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00000174-b11b-ddc3-a1fc-bfdbb1a20000The Schreiner University Department of History is honoring the sesquicentennial of the American Civil War with a series of short vignettes focusing on events from 1861 through 1865. The Civil War was the most destructive conflict in American history, but it was also one of our most defining moments as a people and as a nation. Let us know what you think about "This Week in the Civil War." E-mail your comments to Dr. John Huddleston at jhuddles@schreiner.edu.Airs: Weekdays at 5:19 a.m., 8:19 a.m., 4:19 p.m. on KTXI and 4:49 a.m., 9:29 p.m. on KSTX.

This Week in the Civil War - 455

During Ulysses S. Grant’s drive from Memphis, Tennessee toward Vicksburg on the Mississippi River, after successfully assaulting the town of Oxford, Mississippi, Union forces pursued the retreating Confederates  toward the town of Coffeeville.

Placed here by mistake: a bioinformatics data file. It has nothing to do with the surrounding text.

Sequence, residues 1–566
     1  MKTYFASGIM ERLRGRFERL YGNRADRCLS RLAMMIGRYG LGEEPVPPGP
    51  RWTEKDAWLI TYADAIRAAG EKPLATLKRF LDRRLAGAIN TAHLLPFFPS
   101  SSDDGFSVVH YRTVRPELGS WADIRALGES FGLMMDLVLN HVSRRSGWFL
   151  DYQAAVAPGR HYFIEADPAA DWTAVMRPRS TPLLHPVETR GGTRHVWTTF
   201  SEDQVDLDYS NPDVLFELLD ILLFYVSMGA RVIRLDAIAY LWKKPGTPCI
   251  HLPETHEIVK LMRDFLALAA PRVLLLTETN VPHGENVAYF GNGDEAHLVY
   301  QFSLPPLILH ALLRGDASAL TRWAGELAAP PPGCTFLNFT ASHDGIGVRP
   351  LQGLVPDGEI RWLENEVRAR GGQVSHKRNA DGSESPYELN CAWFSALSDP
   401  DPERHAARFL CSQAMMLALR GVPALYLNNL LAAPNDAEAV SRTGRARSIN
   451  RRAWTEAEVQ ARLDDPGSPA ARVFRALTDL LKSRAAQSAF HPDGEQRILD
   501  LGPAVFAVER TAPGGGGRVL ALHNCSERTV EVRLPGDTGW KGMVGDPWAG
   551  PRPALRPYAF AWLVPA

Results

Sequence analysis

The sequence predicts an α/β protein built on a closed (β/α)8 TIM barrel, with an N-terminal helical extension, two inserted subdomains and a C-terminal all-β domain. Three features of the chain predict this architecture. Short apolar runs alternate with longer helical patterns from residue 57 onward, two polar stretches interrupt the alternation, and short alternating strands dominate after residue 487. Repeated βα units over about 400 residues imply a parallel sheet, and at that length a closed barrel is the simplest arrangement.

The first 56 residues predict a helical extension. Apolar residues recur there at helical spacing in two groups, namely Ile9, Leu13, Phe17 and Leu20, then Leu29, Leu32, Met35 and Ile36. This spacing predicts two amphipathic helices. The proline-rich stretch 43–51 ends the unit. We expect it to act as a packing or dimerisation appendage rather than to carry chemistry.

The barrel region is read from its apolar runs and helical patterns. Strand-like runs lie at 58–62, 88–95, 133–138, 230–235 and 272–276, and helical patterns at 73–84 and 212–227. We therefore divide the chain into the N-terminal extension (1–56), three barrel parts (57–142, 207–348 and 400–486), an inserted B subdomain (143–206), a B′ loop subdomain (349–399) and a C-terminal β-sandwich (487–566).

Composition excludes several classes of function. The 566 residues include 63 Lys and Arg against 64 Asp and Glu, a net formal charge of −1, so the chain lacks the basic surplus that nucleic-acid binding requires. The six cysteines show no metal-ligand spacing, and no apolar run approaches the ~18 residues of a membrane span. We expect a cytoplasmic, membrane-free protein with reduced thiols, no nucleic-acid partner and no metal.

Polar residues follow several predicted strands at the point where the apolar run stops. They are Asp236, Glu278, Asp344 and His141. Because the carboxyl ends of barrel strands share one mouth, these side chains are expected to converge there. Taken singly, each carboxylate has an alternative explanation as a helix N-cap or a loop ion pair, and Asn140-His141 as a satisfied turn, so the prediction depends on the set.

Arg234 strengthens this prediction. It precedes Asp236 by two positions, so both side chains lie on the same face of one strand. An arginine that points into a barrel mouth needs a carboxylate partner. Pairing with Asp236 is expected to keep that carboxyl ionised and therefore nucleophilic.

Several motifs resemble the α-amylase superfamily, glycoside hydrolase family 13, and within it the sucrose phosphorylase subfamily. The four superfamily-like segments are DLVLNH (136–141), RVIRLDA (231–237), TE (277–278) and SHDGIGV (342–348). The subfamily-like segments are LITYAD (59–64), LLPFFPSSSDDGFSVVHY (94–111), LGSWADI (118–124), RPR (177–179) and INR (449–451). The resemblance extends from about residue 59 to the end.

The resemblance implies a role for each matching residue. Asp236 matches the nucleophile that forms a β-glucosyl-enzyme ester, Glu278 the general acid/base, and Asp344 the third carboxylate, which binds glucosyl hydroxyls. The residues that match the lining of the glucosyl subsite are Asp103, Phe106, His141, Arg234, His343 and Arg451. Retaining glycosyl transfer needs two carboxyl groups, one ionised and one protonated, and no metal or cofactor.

On Friday, December 5, 1862, Confederate forces under Generals Mansfield Lovell and Lloyd Tilghman* engaged Grant’s cavalry near the Mississippi Central Railroad line.  The Federals, reeling under superior fire, organized a fighting retreat and successfully withdrew.  Tilghman* later admitted that "the tactics of the enemy did them great credit” as the Confederates pursed the retreating Union forces.  Although both forces each suffered few casualties, the battle of Coffeeville temporarily brought Grant's movement against Vicksburg to a halt, forcing him to pull back to Oxford to regroup and reorganize his forces.